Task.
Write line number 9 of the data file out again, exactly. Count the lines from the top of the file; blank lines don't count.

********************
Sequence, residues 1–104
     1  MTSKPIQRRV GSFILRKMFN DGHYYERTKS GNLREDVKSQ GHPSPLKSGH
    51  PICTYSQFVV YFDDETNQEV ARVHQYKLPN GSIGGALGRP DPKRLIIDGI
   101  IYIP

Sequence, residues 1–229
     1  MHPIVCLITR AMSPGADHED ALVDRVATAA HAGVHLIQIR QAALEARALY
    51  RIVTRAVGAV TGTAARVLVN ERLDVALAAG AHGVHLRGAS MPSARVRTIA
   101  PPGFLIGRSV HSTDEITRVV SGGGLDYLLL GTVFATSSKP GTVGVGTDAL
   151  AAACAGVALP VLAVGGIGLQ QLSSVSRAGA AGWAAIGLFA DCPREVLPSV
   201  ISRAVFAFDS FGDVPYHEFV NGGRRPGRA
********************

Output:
   151  AAACAGVALP VLAVGGIGLQ QLSSVSRAGA AGWAAIGLFA DCPREVLPSV